My Canon 450D can (or at least has) survived light rain, condensation in the cold and a little icing up overnight during astrophotography...

The various different levels of camera above the Rebel/XXXD range talk about improved weather sealing, and of course the L lenses do too... but I've never seen an indication of exactly "how sealed" they are. People talk about the 1D/5D having better sealing than the 7D which is in turn better than XXD series, and that the Rebel/XXXD series just don't have it (though obviously the plastic shell offers some basic protection). But what's the difference?

In short, what is the quantitative difference between the weather sealing on a 50D vs 7D vs 5D vs 1D?

I'm referring to Canon models only due to familiarity with them, I'm pretty sure this all applies to any brand offering weather sealing.

There's a system called IP Ratings which define weather sealing against dust/moisture. Do weather-sealed DSLRs meet any of those criteria? By which I mean, does the manufacturer make IP rating claims? (It's all good and well to say "I once splashed water on my ... and it's fine" but that's no better than me getting ice/condensation all over my 450D and 10-22 and being lucky it still works fine).

Or is there some other specification which the different models meet? Ideally I'm after objective claims that can be made to differentiate between the levels of weather sealing (e.g. "safe in any level of rain", or "safe to submerse in water", or "safe on the beach/in a dust storm/...").

I'm not upgrading my camera body just yet, but plan to in a year or two and want to know if there's one that's going to be safer to use in some more extreme conditions, and whether I'll have a warranty after taking it there (;


1 Answer 1


I'm not aware of any specific claims for immersion, rain or dust resistance made for any SLRs. I've not read every warranty, but if there was even one that covered water damage I'd be surprised.

Weather sealing is typically a combination of high-tolerance, tight-fitting joints and gaskets. "Better" sealing essentially consists of more sealing in more places.

The closest thing I know of to objective data are renderings of weather sealing locations (courtesy dpreview.com):


(source: img-dpreview.com)

Nikon D700

(source: img-dpreview.com)

(source: img-dpreview.com)

As an aside, an interesting (though apocryphal) trick from the first Gulf War to keep dust off of cameras and film was to store them immersed them in water - the catch being you needed an a camera like the Nikonos, which is rated to something like 60m depth.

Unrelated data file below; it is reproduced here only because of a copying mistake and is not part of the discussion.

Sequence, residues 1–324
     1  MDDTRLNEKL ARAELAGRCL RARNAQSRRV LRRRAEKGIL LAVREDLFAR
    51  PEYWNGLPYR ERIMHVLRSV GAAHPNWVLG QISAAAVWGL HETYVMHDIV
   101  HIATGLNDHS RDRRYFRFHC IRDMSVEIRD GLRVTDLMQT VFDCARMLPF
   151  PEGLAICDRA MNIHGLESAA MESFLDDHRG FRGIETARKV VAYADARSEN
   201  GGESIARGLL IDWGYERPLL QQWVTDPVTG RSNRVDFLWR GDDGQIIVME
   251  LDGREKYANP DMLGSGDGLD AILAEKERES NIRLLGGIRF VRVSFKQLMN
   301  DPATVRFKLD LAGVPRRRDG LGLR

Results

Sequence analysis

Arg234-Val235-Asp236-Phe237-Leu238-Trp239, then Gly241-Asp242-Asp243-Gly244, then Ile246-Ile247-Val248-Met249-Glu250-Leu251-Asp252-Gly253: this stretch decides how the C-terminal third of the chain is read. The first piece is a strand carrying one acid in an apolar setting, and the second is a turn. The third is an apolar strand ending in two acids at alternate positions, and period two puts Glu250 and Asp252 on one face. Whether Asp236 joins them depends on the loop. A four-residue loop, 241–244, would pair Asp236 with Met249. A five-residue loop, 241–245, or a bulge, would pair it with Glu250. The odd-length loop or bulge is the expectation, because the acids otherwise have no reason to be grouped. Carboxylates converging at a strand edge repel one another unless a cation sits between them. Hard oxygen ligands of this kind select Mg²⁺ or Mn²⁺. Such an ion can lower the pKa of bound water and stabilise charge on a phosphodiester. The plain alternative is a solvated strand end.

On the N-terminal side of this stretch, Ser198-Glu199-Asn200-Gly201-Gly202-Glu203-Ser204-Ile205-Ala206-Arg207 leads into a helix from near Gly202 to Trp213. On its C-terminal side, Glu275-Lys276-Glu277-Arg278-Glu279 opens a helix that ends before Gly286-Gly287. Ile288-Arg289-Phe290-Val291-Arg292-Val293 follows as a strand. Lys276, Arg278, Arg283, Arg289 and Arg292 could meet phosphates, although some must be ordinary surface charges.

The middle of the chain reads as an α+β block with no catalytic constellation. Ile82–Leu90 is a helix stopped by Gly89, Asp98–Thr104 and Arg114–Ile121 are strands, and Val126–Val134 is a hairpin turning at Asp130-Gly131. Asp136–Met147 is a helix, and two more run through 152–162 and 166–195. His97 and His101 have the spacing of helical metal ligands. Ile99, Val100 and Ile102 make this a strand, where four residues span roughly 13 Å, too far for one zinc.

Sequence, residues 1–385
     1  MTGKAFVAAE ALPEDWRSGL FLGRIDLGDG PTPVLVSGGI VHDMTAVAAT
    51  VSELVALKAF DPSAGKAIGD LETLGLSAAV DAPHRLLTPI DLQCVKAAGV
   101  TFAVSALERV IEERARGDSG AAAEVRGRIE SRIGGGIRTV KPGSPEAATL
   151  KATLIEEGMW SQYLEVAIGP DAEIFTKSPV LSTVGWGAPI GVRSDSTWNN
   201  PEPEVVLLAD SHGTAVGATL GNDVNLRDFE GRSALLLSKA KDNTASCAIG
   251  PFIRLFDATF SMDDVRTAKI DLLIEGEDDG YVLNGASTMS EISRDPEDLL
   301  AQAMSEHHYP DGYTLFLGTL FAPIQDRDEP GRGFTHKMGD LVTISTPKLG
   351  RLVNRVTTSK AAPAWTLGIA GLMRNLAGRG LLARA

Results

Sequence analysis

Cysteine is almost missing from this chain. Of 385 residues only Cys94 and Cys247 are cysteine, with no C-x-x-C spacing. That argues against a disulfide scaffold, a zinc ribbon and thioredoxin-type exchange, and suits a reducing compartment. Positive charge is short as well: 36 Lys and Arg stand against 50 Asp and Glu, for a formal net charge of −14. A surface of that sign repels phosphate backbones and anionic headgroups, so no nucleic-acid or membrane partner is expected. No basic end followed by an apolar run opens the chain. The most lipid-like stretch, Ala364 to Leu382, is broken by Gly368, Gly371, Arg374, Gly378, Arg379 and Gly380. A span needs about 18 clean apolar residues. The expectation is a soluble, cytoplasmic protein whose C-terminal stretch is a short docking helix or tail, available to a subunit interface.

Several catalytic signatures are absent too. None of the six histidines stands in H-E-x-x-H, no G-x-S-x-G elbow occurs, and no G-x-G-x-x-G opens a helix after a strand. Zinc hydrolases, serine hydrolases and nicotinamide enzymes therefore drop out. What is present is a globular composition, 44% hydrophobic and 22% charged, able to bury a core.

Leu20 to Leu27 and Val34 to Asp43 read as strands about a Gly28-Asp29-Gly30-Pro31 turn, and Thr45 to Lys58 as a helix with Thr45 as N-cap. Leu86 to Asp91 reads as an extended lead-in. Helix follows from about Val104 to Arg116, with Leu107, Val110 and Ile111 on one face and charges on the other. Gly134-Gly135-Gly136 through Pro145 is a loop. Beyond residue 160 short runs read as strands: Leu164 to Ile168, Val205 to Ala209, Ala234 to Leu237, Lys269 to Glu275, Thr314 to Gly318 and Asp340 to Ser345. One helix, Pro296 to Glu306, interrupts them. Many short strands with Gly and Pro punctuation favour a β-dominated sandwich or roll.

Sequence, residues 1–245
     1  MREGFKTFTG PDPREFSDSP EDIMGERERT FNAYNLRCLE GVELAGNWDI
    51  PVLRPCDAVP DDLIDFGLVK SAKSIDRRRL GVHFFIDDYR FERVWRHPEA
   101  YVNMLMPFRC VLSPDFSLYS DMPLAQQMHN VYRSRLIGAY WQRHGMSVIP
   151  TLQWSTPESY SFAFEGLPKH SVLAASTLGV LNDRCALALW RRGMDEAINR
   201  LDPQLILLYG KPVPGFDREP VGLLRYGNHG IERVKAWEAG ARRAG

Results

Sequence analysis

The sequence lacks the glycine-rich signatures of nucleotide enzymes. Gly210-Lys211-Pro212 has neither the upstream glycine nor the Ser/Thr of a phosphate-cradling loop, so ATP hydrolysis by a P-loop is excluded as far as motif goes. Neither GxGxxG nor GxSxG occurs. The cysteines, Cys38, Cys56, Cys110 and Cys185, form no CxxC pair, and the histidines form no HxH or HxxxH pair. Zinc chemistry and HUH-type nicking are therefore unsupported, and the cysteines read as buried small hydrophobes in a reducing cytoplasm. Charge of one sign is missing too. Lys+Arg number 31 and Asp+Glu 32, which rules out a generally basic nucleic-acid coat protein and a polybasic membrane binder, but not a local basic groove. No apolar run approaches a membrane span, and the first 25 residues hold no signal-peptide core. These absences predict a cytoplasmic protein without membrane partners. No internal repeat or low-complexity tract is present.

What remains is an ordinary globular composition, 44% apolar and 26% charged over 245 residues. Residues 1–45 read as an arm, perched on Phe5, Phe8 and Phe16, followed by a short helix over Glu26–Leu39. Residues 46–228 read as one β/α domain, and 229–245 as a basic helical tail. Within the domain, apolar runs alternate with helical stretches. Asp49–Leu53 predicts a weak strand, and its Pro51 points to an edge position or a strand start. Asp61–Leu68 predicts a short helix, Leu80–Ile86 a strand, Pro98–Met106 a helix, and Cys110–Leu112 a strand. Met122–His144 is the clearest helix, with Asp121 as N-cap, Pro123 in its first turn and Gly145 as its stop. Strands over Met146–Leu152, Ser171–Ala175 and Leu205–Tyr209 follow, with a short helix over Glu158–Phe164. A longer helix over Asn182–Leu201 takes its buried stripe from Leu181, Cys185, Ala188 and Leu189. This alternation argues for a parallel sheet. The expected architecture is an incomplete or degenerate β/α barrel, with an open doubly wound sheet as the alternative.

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    \$\begingroup\$ Might be worth adding the key that red == seal; green == rubber cover; yellow == ? \$\endgroup\$ Sep 2, 2010 at 11:14
  • \$\begingroup\$ @Rowland - I couldn't find a concrete answer on what they were. I saw both your version and one that said green = gasket, red = precision joint. \$\endgroup\$
    – ex-ms
    Sep 2, 2010 at 18:46
  • \$\begingroup\$ i guess its good to know where the seals are, and certainly if there's a difference between the green/red ones then you might be more careful about water near a particular item... but doesn't really help one work out how much weather is being sealed out of any particular camera :s \$\endgroup\$ Sep 3, 2010 at 4:39
  • \$\begingroup\$ @drfrogsplat - Like I said, not a lot of claims are made, so not a lot of objective evaluation is possible. Basically it boils down to the more expensive models tend to be more durable (for some arbitrary value of "more"), plus a healthy dose of "be careful". \$\endgroup\$
    – ex-ms
    Sep 3, 2010 at 5:38
  • \$\begingroup\$ May be useful for some... I've since discovered that Canon suggest that the weather sealing on the 7D is "equivalent" to the 1N... whatever that means. And I believe the 5D2 sealing is described in a similar way... \$\endgroup\$ Nov 10, 2010 at 1:41

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